… billion dollars out to state and locality. So you didn’t have to lay off cops, firefighters, school teachers, nurses, first responders. What are we doing? Zip. The house acted, in the beginning of the summer, the so-called Heroes Act, to pay for all of this. States are in trouble. I’ll tell you why they’re not doing anything about it; two reasons. One, it’s all about wiping out the Affordable Care Act, which has been an obsession for this president since he became president. It was an Obama idea. Because no other nominee has said in the past that the law should be struck down. Not as a judge, [inaudible 00:00:27:59], that’s her view. That’s going to take health care coverage away from 20 million Americans. Because of his mishandling the economy and COVID, we’ve already lost 10 million people, have already lost their employer based health insurance, 10 million. That’s going to take away pre-existing conditions coverage for a hundred plus million Americans. And complications of COVID- 19 like lung scarring as well as heart damage, could well put how many millions more? There’s over 7 million people contracted COVID in the United States. What happens then? Pre-existing conditions can not be covered. It’s going to toss out the rule that allows children to be covered on their parents’ health care until age 26. It’s going to take us backwards. When insurance companies could charge a woman more for the same exact treatment that they charge a man. And pregnancy, once again, becomes a pre-existing condition. Folks, we can do so much better than this. Together we can build on the Affordable Care Act, writing a new health insurance option, a nonprofit public option, which is giving private insurers, a real competitor. Increase the subsidies, so premiums are lower and you can afford plans with lower deductibles, and lower out-of-pocket costs. We can only do any of this, if the country comes together.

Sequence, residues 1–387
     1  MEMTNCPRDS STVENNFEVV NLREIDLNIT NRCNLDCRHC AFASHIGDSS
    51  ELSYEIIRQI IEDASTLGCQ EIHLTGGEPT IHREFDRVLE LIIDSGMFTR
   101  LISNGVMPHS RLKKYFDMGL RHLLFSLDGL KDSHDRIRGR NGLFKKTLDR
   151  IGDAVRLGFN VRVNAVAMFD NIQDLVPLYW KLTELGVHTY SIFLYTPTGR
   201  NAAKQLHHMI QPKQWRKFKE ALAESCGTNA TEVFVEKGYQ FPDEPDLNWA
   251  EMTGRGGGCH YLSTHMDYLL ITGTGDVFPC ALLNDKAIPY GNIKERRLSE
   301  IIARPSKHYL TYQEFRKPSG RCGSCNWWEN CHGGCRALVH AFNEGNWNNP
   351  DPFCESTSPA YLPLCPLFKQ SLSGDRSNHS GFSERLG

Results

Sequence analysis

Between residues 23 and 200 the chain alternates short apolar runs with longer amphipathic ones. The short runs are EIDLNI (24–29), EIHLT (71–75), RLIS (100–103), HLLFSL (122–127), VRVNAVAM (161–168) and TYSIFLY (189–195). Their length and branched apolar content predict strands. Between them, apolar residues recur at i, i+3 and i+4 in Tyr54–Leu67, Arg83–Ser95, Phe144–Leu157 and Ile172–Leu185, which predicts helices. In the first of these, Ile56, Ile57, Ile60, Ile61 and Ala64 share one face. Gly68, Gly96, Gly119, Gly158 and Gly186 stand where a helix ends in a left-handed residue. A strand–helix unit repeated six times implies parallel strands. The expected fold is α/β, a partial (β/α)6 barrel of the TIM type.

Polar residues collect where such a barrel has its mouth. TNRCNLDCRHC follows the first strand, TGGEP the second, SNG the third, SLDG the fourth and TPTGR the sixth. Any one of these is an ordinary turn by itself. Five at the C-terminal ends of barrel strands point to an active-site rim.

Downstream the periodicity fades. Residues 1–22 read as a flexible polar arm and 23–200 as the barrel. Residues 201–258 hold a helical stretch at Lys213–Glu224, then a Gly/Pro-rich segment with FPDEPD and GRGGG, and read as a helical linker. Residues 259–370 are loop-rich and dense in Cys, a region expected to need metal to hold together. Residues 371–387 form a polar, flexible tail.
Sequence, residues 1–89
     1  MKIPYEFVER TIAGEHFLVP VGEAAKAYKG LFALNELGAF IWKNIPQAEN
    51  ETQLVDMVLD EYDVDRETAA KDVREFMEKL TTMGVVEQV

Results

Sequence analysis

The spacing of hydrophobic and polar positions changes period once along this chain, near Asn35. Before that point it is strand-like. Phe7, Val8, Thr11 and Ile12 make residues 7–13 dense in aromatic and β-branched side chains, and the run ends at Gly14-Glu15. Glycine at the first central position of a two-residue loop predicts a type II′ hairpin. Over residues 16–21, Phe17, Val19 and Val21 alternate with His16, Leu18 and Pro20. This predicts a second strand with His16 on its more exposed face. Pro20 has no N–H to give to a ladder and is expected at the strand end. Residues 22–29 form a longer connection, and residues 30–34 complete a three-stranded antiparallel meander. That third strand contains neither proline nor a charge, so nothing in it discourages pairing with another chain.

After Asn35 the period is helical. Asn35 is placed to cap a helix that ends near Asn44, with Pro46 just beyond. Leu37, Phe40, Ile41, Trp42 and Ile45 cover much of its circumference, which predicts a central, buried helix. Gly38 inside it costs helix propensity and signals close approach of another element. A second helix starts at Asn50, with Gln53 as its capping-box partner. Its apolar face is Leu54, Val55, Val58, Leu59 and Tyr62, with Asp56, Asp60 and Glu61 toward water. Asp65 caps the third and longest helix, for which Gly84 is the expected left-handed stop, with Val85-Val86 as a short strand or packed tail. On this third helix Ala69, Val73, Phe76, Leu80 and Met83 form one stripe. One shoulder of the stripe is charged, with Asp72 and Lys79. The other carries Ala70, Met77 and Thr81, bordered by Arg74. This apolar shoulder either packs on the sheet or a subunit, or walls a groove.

Vice President Joe Biden: (29:47)
Last week, I went to Gettysburg, Pennsylvania, to the battlefield where Abraham Lincoln told us that a house divided cannot stand. Today, trust is ebbing, hope seems elusive. Instead of trying to heal his policies are ripping us apart.

Vice President Joe Biden: (30:16)
And those Republicans are willing to cooperate, get punished by this president. I refuse to let that happen. We need to revive the spirit of bipartisanship in this country. I know that sounds bizarre in light of where we are. The spirit of being able to work with one another. When I say that, and I said that from the time I announced, I was told that, “Maybe that the way things used to work, Joe, you got a lot done before Joe, but you can’t do that anymore.” Well, I’m here to tell you and say we can, and we must, if we’re going to get anything done. Democracy requires consensus. I’m running as a proud Democrat, but I will govern as an American president.

Vice President Joe Biden: (31:11)